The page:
22 Best Memorial Day Deals: Tents, Camp Chairs, and More

Every year the The sun comes out from behind the clouds. Like newborn horses, we shake out our wobbly legs and stagger back onto the paths, blinking. Every year, just before Memorial Day, REI holds its biggest sale of the year so we can replace that leaky old tent ahead of the first camping, climbing, or mountain biking trip of the year.

This year’s sale runs May 19-29 and offers up to 30 percent off select gear. If you’re a REI Co-op member, the code also entitles you to 20 percent off a full price item at REI and the REI Outlet ANNIVERSARY23. outdoor trader Backland has a competitive sale and moosejaw offers a 20 percent discount on a full-price item with the code CHEESE BURGER.

Are you still trying to figure out how to cope with all this abundance? Don’t forget to check out the rest of the summer guides, including our guides to the best hiking shoes or the best camping cookware.

Special offer for Gear readers: get one 1-year subscription to WIRED for $5 ($25 off). This includes unlimited access to WIRED.com and our print magazine (if you wish). Subscriptions help fund our daily work.

If you buy something through links in our stories, we may receive a commission. This supports our journalism. Learn more.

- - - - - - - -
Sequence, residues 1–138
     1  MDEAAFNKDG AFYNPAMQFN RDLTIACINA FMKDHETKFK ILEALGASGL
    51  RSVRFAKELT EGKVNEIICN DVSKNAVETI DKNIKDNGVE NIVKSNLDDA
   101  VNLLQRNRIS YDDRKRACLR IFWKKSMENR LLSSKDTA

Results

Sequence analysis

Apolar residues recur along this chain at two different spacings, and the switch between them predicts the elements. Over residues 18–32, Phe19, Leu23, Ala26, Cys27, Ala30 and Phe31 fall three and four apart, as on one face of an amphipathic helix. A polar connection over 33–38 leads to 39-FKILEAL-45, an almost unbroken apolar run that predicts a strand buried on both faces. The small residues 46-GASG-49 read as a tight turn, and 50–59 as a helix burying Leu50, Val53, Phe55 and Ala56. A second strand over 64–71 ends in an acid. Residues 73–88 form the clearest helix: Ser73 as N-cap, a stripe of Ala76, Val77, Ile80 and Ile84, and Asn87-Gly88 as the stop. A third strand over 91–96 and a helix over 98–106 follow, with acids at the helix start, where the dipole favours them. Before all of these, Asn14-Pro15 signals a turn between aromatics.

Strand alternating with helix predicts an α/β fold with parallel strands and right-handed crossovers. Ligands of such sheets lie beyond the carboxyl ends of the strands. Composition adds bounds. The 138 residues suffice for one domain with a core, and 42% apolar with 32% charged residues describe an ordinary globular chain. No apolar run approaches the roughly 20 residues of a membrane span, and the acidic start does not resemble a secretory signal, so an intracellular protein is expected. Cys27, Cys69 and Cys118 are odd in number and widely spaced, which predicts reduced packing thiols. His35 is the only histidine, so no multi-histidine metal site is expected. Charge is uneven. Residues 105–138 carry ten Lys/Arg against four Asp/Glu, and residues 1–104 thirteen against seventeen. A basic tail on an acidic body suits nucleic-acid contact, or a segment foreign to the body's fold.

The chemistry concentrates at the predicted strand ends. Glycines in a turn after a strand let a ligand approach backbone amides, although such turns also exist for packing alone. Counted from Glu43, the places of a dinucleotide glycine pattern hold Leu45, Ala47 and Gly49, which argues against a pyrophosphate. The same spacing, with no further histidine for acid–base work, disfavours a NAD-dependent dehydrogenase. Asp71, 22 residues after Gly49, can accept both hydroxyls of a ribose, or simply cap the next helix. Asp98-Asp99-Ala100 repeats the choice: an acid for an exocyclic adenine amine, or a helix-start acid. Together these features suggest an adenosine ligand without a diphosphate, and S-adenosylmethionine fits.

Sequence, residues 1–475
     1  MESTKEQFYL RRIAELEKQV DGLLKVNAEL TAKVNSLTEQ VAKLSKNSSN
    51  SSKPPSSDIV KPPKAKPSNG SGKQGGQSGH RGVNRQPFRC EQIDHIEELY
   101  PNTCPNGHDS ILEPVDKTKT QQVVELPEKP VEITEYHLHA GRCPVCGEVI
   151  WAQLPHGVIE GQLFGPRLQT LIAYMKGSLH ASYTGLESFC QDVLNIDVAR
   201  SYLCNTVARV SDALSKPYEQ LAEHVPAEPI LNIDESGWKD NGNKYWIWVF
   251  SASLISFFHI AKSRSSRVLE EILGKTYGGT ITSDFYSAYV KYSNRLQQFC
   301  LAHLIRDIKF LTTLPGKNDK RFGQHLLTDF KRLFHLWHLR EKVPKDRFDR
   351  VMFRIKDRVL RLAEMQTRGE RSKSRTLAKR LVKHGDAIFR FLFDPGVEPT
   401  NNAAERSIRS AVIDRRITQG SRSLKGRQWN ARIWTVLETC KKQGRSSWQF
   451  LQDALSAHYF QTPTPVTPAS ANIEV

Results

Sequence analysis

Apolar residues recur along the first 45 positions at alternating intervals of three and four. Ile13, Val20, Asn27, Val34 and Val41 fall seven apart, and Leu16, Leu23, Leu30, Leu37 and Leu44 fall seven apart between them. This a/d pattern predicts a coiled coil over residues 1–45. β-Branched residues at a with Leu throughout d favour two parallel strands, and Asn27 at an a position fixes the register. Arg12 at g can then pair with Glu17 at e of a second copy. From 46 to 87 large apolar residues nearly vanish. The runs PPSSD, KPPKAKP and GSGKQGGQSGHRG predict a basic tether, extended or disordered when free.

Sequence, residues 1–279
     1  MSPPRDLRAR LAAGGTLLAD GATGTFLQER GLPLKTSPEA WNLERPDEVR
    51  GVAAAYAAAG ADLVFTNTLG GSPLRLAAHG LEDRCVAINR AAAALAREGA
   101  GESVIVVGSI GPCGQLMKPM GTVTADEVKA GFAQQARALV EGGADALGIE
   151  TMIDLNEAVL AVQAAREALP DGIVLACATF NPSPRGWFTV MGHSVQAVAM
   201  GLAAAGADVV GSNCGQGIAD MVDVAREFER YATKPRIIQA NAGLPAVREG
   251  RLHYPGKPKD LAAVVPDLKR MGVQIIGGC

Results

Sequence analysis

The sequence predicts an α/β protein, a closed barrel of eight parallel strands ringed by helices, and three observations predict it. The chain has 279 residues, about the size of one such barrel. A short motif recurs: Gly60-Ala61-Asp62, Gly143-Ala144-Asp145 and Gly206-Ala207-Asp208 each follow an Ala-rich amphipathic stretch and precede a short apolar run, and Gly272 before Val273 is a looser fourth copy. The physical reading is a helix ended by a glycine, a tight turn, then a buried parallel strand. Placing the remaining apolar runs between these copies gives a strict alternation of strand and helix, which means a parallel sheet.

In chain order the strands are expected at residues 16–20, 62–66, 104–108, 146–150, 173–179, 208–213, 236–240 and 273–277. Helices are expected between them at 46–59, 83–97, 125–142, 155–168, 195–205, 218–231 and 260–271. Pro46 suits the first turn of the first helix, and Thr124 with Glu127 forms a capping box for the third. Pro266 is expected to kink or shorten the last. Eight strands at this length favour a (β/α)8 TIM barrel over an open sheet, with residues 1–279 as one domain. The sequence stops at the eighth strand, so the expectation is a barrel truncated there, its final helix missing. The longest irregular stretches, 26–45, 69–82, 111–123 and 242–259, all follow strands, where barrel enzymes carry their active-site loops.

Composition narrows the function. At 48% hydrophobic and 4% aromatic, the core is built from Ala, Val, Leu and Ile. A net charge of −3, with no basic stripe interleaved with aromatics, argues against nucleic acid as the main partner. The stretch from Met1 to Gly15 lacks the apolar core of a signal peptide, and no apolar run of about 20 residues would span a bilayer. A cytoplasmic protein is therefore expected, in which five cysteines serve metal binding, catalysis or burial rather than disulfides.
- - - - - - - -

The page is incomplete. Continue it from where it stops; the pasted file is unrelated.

Offers for fitness and clothing

Don’t see anything you like here? Check out our guides to the best fitness trackers and the best base layers.

Photo: REI

All the cool girls have been wearing these pants for climbing and hiking all spring and I want a pair. This is REI’s collaboration with outdoor afro, a nonprofit organization that celebrates, connects, and inspires black leadership and community in the wilderness. These pants suit a variety of body types, are made from breathable, durable water-resistant nylon/spandex fabric and come in a range of eye-catching colours.

Buying adventure shoes for young children is difficult. If they go too cheap, they won’t be able to hike or have fun due to blisters and other problems. Go too expensive, and you’ve spent a lot of money on shoes that won’t last more than five months. I usually pick up my kids’ shoes and raincoats at the annual REI sale, but there are also special offers at Amazon to.

Janji makes sustainable running apparel and often collaborates with artists and athletes for limited editions. The company is committed to eliminating PFAS from its rainwear and its clothing comes with a five-year guarantee. I’ve had this running bra for almost that long and it’s still in great condition after years of weekly use.

Altra is a small Utah based company that makes shoes that replicate the barefoot experience as much as possible. They have no drop from heel to toe and a wide toe box to allow your toes to flourish freely. This year’s version has a slimmer, more seamless upper (and better colors) than last year’s version, but still features the stone plate and big lugs on the soles. This is one of our best hiking boots and shoes.

Photo: Garmin

For years, several reviewers at WIRED have agreed: Garmin’s Fenix ​​series is the best outdoor fitness tracker if you love any outdoor sport. It connected to multiple satellite tracking systems faster than any GPS watch I’ve tried, even under clouds and trees. It measures every biometric there is, collects loads of sport-specific data, is durable, looks good and has great battery life. During the sale all Garmin Fenix ​​​​and Epix watches get $200 off but can’t redeem your membership coupon.